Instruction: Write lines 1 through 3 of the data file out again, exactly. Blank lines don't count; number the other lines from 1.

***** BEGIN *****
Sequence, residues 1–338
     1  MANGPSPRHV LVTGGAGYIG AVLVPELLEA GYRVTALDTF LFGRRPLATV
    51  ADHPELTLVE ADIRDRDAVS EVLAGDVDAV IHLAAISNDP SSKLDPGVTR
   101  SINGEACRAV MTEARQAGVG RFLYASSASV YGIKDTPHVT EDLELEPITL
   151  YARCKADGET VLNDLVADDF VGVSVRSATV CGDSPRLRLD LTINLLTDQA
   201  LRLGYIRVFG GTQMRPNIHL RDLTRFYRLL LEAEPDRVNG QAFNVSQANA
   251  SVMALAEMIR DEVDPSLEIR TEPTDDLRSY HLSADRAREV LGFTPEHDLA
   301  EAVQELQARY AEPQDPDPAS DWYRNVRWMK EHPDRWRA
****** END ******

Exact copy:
Sequence, residues 1–338
     1  MANGPSPRHV LVTGGAGYIG AVLVPELLEA GYRVTALDTF LFGRRPLATV
    51  ADHPELTLVE ADIRDRDAVS EVLAGDVDAV IHLAAISNDP SSKLDPGVTR